The environment is being defined as a system comprised of both living and inanimate elements that affect living organisms, including human beings. Besides these outside influences that constrain and influence human activity, the needs of our society dynamically changes. As one need is being satisfied, another activity can be limited. In central Europe, foresters had to face the environmental consequences of air pollution of industry origin in the recent past. In the 1980s, air pollution was at its maximum and and large areas were affected in the northern Czech mountains. These mountains are situated on the German and Polish borders; as a result, these worsened conditions were discussed internationally. Since the 1990s, the concentrations of airborne pollutants have decreased significantly due to industrial modernization and improved pollution controls, resulting in the recovery of the forest stands. Despite improved conditions, much work remains if we are to deal with the legacy of large-scale destruction of forest ecosystems. For example, large stands are dominated by exotic tree species, initially planted because they were able to survive in a highly polluted environment. Such species helped stabilize the mountain forest ecosystems in the wake of widespread die-off of the native species. Nonetheless, these non-native species do not provide our society with the full range of economic and ecosystem services that the native species can provide. Furthermore, while air pollution is reduced from the catastrophic levels of the 1980s, it still exerts a deleterious influence on Czech forests.
Although sulfur dioxide concentrations have indeed decreased, nitrogen oxides have become more important and are now considered the principal acidifying agent of mountain soils. There are other factors influencing both forest stands and forest environment. Since the first settler of these regions began cutting and stumping, food gathering, and collecting fuel, then moving on to timber cutting and harvesting raw materials for industry, and finally engaged in using the forest for leisure activities and protecting what were believed to be “natural values” (which usually coincided with a human sense of aesthetics), we have always measured the value of forest against our needs. Foresters have been involved in this process and they have always adapted management strategies and techniques to changes in the forest environment and society’s demands from it. In failing to recognize foresters’ critical role in restoring the forest ecosystem and providing for society’s needs, that same society forces foresters to defend their role in society once again.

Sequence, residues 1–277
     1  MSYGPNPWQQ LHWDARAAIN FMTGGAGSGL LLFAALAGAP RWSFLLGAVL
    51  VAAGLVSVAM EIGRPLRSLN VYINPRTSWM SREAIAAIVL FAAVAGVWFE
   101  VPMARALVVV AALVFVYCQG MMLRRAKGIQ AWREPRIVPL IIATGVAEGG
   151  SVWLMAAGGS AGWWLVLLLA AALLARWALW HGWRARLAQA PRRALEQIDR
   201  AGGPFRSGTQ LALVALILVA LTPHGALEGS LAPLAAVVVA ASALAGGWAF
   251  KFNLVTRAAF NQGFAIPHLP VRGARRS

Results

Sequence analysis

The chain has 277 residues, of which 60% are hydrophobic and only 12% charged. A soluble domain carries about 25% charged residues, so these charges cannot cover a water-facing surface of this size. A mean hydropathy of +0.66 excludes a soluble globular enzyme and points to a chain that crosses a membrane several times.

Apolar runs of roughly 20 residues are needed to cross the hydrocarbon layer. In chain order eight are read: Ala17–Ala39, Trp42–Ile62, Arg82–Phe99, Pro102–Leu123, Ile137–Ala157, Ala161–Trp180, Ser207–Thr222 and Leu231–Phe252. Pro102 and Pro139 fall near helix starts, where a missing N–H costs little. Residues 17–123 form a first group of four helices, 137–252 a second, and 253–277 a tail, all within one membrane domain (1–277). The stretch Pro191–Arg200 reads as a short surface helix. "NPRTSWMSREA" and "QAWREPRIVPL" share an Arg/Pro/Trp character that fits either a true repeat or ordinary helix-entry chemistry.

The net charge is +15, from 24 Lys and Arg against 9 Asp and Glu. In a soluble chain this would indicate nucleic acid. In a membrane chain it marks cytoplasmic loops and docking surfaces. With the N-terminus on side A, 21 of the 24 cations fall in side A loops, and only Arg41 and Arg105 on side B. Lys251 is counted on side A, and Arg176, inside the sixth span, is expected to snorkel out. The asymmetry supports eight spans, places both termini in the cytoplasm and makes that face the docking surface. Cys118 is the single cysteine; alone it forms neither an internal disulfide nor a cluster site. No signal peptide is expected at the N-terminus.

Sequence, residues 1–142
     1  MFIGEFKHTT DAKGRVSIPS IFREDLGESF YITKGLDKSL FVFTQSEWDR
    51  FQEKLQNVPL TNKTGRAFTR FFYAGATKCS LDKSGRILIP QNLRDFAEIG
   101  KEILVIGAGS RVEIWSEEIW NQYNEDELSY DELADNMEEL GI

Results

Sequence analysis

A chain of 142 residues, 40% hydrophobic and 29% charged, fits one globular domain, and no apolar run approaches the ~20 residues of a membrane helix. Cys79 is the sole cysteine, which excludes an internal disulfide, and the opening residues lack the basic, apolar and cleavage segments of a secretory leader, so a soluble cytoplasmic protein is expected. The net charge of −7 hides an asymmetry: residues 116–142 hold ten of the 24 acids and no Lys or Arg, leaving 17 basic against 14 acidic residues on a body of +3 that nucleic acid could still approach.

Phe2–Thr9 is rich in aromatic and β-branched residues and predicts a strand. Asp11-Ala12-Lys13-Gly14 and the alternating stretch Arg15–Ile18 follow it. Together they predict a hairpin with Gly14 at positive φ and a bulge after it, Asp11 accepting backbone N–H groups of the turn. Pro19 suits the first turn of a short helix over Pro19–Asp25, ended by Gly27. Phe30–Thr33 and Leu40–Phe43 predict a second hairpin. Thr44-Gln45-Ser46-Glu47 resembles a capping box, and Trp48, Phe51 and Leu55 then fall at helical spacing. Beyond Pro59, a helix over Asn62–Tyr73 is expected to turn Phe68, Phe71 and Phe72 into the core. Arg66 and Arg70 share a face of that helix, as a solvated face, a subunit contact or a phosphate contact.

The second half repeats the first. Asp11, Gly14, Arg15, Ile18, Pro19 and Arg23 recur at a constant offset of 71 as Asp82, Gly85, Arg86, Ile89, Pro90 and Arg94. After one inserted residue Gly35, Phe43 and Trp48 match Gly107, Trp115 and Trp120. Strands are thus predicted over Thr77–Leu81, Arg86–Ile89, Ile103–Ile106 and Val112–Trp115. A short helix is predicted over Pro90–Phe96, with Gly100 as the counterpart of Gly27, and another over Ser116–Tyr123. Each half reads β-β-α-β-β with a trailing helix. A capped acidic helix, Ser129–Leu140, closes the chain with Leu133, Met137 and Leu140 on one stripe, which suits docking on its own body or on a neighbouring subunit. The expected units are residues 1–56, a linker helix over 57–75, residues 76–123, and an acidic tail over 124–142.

This year, it will have been 13 years since the beginning of meetings of Czech and Slovak specialists from forest research institutes and universities. The meetings were always arranged as scientific symposiums which were held to discuss some of the latest topics in silviculture. During these years, 12 proceedings were published (see Appendix). This year, a new title was established. The Proceedings of Central European Silviculture is the first issue of this new series which deals with growing and using planting stock, natural renewal, and conversion of stands of nonnative trees to native forest communities. Readers will find also information on quantity and safety of production, structure of both managed and old-growth forests, and studies dealing with relationships between forests and growing conditions. As the forest ecosystem and human demands from it both continue to evolve, the need for the forestry profession to evolve and grow through experimentation and knowledge exchange will continue. We hope that these international silvicultural meetings will continue to provide just such a forum into the future.
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Citation: Kacalek, D. et al.: Preface. In: Stabilization of Forest Functions in Anthropically Disturbed and Changing Environmental Conditions. 12th International Symposium for Silviculture Topics Discussion. Opocno, Dobruska, Czech Republic, June 28 – 29, 2011. D. Kacalek et al. (eds). Strnady, Forestry and Game Management Research Institute – Opocno Research Station 2011, pp. 7 – 8. Proceedings of Central European Silviculture.